A lot of people miss out on the opportunity to reduce the control over processes based on the sound data they have collected. It is often said that the system shouldn’t stand still and this is no exception, so let’s consider goods inwards for example and the checking of documents, especially certificates.

You might start off checking every one as you know there are always issues with your suppliers. However, as you discuss the issues with them some respond and their performance improves. ( Clearly, if you are not talking to them then not much is going to change so you may have to take that on board first ).

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The risk is that you still check every one because ‘that’s what we have always done’. You are quite at liberty, based on the hard evidence of your data, to lower the rate of the checking to say 50% on the good ones and monitor to ensure all is still under control. PDCA in operation even! If performance starts to deteriorate, then revert back to 100% and so on.
You could end up with some who never give you a problem so you could reduce the check further to 10% or even zero, all of which releases resources to work on those who, let’s say, need a bit more encouragement. The thing to remember is that you are taking decisions backed by robust data you have collected and not on a whim. If you are not already adopting this approach, why not give it a try?
Such a key requirement hidden away within paragraph 9.3 – but so important to take on board when top management start to review performance. I often see a one dimensional statement regarding results from the year (or time period ) under review. However, a trend needs a timeline so always remember to compare your performance with say the previous one or two years. Is is improving, deteriorating or standing still?

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In addition, are you getting different reasons reported behind the numbers? Are the type of complaints the same? Are the same areas or product types affected? Are you seeing the same type of CARs? The list is there to be exploited so that you get a firm grip on what is changing within your QHSE management system.

Suppose I should end by restating the fact that you don’t actually need a ‘meeting’ as long as you review the elements and can evidence that this has happened. But you knew that already didn’t you . . . .

Check out this short trailer for a series of videos coming soon.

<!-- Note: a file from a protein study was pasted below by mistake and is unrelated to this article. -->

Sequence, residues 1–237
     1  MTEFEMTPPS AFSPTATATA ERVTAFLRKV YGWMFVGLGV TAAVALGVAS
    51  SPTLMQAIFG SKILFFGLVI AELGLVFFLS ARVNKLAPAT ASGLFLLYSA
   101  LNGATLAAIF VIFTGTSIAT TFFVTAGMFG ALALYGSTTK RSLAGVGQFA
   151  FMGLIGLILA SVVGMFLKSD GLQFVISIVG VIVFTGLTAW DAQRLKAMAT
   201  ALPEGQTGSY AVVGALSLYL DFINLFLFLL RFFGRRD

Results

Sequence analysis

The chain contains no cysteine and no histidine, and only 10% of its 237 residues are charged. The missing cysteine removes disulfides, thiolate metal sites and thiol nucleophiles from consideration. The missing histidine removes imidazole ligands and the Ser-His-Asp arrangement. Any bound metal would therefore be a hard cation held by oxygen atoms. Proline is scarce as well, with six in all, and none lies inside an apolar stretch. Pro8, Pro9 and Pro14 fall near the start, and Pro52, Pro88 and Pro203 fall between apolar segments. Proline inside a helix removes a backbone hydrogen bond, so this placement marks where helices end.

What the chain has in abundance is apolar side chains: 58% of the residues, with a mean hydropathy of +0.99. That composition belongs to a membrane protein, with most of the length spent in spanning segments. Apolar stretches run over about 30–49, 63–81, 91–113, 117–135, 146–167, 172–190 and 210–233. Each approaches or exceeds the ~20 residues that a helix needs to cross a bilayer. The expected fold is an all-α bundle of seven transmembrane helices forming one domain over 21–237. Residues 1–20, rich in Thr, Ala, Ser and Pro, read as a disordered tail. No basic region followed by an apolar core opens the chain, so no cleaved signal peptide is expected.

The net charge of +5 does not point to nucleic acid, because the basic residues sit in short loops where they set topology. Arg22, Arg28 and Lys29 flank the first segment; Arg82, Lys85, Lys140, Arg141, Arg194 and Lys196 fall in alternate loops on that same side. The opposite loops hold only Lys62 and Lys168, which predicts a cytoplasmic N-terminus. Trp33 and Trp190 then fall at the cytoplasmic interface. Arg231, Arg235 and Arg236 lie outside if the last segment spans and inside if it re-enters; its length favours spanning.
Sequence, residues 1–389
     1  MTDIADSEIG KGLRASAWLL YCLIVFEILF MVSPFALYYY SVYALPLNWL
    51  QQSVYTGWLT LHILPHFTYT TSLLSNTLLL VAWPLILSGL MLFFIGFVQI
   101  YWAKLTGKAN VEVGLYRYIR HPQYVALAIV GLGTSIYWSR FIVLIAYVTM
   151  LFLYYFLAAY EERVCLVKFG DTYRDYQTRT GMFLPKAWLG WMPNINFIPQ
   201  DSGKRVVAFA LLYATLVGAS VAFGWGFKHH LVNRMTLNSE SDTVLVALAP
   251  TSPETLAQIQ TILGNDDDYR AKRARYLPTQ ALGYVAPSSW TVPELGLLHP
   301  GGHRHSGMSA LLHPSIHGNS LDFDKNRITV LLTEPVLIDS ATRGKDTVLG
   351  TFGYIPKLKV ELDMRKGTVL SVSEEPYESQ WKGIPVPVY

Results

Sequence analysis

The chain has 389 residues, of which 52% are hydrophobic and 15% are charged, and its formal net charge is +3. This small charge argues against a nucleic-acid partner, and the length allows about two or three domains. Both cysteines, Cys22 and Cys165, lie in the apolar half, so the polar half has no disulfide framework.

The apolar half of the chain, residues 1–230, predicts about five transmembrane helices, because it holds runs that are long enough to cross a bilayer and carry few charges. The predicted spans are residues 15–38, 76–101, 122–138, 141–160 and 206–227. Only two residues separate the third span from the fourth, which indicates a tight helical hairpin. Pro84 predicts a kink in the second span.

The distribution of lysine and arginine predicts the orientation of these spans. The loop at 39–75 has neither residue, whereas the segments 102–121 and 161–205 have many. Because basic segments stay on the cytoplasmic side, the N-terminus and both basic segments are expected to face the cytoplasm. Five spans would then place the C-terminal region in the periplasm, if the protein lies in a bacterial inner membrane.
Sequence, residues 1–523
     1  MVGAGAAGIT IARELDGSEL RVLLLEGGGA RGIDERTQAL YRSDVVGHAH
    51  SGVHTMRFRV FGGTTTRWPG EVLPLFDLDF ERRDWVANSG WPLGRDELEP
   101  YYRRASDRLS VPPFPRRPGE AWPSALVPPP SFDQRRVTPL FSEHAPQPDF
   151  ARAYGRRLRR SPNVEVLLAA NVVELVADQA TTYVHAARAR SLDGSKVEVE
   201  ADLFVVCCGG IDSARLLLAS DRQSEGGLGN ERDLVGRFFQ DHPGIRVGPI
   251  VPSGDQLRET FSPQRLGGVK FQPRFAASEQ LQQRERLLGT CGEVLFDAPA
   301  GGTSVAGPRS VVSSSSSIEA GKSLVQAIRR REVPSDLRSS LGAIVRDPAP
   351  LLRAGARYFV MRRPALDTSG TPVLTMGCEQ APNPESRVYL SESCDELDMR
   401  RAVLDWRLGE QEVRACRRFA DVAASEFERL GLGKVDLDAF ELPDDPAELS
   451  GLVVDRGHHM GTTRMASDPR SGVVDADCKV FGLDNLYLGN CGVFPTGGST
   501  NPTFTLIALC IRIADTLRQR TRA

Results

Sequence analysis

We all now need to be aware that strategic actions we take in business can impact on this group of people as stated in the upgraded ISO standards. A good example has been the development of, so called, SMART motorways across the UK, something you can identify with I’m sure.

CIP

These seemed to have been introduced without that much recourse to the views of motorists and now the RAC have reviewed them in their Motoring 2019 report and stated that 72 percent of motorists are worried about whether or not they would reach the refuge areas. Sadly, we already have reports of motorists that didn’t with fatal consequences.

Now I appreciate that this scenario may not fit the norm for a business planning to make strategic changes in how it operates, but the principle is the same. Consider the implications before making that decision.

As the report stated:
“We need to set the scene at the very start and communicate and consult with our customers, stakeholders or in this case the general public, especially if we want the initiative to be successful”.

Hopefully, the consequences where you work will not be as calamtous.

We all know that Preventive Action was replaced by Risk Based Management when ISO 9001 was updated. However, are you clear on the three levels that need to be assessed?

The top management need to look at the big picture and there is no better way than by means of a SWOT analysis.  Strengths and Weakness in the business and Opportunities and Threats outside the business. Sorted as per one of my previous posts – just search for SWOT.

As for the QMS, it’s a simple risk assessment model on a spreadsheet to score all aspects of the processes. So, we start at Enquiries and go right the way through to Despatch and on-site activities if relevant. The QMS then follows with general aspects such as IT features and Site Services. We simply look at:

  • Frequency – of the process taking place
  • Likelihood – of the process falling over despite current controls
  • Severity – the outcome to the business

It is so simple you will wonder hat all the fuss is about. Once you have set it up you just rescore it as things change. Fair to say that my clients were often dreading tackling risk, but once they see how straight forward this model is then they are all on board.

Finally, and I accept this is more within aerospace and other more demanding standards but still a good control to have in place, you have risk at the order level itself. Are you taking on sizes, materials, specifications or requirements on a drawing that you haven’t done before. If so what are the mitigating actions you will introduce – unless of course you just leave it to run and hope nothing goes bang!

Also remember that another incentive to tackle this is the simple requirement to review mitigating action at the Management Review. I often refer to a ‘rule of three’ within a lot of aspects of a QHSE system and, as you can see, risk is no different.